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Daily manna from the Torah by Dr Ketriel Blad

Ki Tetzeh 49-7

When you go out

Deuteronomy 24:14 – 25:19

Do not take advantage of a hired man who is poor and needy, whether he is a brother Israelite or an alien living in one of your towns. Pay him his wages each day before sunset, because he is poor and is counting on it. Otherwise he may cry to the LORD against you, and you will be guilty of sin. Do not deprive the alien or the fatherless of justice, or take the cloak of the widow as a pledge. Remember that you were slaves in Egypt and the LORD your God redeemed you from there. That is why I command you to do this. (Deut. 24:14, 15, 17, 18 NIV)

What does mercy have to do with justice?

Even though the Torah establishes and defends the right to private property, it doesn’t allow a wealthy man to be insensitive to the poor’s needs. Love forces you to not think only of yourself but to love your neighbour as yourself. This doesn’t mean that the Torah agrees with the communist idea in which everyone shares everything equally and where everything belongs to everyone.

The Torah establishes a balance between the right to private property and the obligation to share with others, but there are limits regarding sharing. It’s not correct to give all your belongings to the poor to then end up with no resources and suffering for the whole family. That is not loving your neighbour as yourself - it’s stupidity. One with resources must help the needy, but up to a certain limit. The idea is not that he also becomes poor, but that he can go on being prosperous to have enough for himself and his family, and to be able to share with the needy.

The Torah teaches that the one who does not give the worker his salary on due time is oppressing him, and that is a sin.

Verse 13 speaks about an act of kindness toward the poor as justice, in Hebrew, tzedakahצדקה.  Let’s see the similarity between verses 13 and 15:

(13) Return his cloak to him by sunset so that he may sleep in it. Then he will bless you, and it will be regarded as a righteous act in the sight of the LORD your God.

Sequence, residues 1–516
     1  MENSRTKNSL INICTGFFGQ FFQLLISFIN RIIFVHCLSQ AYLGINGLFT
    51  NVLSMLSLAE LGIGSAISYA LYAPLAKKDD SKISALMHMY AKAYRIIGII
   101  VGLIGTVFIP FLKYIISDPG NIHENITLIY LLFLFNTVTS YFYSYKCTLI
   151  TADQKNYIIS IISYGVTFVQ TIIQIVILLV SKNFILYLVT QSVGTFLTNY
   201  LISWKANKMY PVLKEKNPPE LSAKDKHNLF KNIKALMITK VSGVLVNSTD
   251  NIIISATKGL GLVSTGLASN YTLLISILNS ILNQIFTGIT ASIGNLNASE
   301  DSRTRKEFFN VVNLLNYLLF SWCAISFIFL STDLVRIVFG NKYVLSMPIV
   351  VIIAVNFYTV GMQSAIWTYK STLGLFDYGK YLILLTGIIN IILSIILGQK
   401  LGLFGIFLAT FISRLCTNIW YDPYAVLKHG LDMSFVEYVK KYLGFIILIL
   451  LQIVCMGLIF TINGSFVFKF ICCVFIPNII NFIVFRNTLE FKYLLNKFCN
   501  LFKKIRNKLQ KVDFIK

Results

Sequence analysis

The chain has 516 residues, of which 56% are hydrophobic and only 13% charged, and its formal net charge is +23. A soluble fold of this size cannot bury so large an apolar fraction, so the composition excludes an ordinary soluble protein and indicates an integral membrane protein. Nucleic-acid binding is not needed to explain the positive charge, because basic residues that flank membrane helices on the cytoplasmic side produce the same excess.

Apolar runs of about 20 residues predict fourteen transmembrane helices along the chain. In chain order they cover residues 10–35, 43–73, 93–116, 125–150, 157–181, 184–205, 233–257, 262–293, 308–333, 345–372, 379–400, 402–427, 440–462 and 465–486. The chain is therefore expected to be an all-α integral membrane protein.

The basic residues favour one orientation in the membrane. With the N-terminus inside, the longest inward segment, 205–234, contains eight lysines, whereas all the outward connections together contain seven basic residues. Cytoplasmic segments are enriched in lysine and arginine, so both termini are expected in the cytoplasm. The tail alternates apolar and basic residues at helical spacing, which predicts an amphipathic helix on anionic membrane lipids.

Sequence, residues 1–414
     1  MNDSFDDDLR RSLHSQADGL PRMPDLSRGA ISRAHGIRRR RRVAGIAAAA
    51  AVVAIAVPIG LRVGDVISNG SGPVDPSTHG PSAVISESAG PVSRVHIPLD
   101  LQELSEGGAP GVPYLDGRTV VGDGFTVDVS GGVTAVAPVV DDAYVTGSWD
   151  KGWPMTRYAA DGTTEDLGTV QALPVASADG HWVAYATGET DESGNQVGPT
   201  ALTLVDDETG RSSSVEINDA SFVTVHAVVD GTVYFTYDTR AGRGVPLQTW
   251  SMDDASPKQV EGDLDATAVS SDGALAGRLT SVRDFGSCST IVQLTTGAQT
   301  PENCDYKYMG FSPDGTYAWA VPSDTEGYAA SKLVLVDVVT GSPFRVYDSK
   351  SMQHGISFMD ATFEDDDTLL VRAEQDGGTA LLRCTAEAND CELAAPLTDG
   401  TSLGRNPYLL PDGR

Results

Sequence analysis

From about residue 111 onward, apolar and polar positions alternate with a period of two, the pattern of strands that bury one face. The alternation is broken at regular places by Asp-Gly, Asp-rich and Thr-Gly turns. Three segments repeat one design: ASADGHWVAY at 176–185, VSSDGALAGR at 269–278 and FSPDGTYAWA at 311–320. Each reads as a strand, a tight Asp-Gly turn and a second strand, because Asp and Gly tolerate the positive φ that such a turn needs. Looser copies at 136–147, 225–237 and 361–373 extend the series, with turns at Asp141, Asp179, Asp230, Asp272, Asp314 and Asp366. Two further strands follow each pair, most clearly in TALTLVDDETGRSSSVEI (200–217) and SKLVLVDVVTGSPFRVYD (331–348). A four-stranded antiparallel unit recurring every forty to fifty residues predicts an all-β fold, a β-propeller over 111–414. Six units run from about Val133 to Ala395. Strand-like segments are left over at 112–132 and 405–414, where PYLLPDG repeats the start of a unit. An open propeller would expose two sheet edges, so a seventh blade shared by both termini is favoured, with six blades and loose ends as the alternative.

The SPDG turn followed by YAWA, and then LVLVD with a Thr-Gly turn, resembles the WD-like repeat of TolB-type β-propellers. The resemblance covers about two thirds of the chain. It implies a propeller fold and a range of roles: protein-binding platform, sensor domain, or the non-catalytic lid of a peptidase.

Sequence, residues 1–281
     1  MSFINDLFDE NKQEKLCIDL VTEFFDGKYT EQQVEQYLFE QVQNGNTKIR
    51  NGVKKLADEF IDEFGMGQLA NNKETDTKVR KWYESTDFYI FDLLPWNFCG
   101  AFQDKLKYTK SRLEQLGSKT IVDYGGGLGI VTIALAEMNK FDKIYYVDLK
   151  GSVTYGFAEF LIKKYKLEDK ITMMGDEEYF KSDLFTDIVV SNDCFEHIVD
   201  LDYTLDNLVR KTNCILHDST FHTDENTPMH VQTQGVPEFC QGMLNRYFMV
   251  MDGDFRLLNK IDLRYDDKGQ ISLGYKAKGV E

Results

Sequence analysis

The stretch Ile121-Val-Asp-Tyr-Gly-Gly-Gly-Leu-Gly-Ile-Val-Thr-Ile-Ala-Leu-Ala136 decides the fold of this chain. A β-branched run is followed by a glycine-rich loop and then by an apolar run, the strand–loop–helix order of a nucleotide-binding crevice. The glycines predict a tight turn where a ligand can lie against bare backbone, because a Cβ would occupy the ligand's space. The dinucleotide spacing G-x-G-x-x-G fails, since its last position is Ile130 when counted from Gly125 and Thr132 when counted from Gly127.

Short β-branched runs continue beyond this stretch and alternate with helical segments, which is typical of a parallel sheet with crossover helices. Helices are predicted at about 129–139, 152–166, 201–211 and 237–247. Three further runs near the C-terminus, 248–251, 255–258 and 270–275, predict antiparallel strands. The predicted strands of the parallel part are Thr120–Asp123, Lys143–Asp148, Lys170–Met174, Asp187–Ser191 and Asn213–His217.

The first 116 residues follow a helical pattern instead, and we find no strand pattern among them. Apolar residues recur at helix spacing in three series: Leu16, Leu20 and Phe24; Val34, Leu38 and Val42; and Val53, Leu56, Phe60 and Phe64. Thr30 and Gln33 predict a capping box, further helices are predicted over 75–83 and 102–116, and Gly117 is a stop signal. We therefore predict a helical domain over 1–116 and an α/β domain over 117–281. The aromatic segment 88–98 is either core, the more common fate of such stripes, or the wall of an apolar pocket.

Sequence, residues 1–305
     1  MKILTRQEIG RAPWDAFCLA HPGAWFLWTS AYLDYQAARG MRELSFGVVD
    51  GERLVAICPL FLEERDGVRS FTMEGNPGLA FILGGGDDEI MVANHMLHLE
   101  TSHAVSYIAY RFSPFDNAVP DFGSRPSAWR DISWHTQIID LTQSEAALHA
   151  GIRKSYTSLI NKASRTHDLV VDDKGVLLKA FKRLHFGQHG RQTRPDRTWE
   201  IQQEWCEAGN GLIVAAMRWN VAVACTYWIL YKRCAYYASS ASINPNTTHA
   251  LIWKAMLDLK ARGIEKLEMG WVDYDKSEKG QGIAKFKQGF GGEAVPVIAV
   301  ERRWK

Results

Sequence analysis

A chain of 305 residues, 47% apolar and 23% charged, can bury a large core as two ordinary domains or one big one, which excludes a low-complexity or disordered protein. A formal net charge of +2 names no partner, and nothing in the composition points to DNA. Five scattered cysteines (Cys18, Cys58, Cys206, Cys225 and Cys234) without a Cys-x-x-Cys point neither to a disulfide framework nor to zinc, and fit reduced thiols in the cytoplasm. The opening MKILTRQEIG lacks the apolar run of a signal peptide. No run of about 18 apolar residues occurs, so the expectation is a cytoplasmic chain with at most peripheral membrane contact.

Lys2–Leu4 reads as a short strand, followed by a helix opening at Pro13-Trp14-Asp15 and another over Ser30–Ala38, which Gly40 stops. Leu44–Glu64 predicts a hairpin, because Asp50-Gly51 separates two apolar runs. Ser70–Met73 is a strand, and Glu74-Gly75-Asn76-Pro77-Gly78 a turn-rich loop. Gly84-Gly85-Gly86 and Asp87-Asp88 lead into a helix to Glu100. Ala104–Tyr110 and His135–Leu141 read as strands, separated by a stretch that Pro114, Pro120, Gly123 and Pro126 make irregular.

(15) Pay him his wages each day before sunset, because he is poor and is counting on it. Otherwise he may cry to the LORD against you, and you will be guilty of sin.

The word tzedakah, is used as opposed to sin, in Hebrew chetחטא. The word tzedakah has various meanings in the Scriptures - let’s mention three of them: a right behaviour (Deut. 6:25; Rom 2:13), declaration of innocence (through faith and forgiveness) (Gen. 15:6; Luke. 18:14), and charity (Deut. 24:13; Mat. 6:1).

This teaches us that the one who does charity with the needy is acting in a correct and righteous way. Not treating the needy correctly, by helping and giving him his salary according to the Torah-established parameters, is to sin, the opposite of righteousness. Being considerate with the poor is to do justice, the opposite of sin.

On the other hand, we must say that acts of righteousness that men may do, to obey the Torah, and help the needy, are not means of eternal justification before the Eternal in the sense of gaining or securing one’s salvation. Contrarily, the Eternal’s justification is given as a free gift to those who repent of their sins and believe in His forgiveness, as it is written in Psalm 32:1-2 “Blessed is he whose transgressions are forgiven, whose sins are covered. Blessed is the man whose sin the LORD does not count against him and in whose spirit is no deceit.

Let us be good to the needy.

Shabbat shalom,


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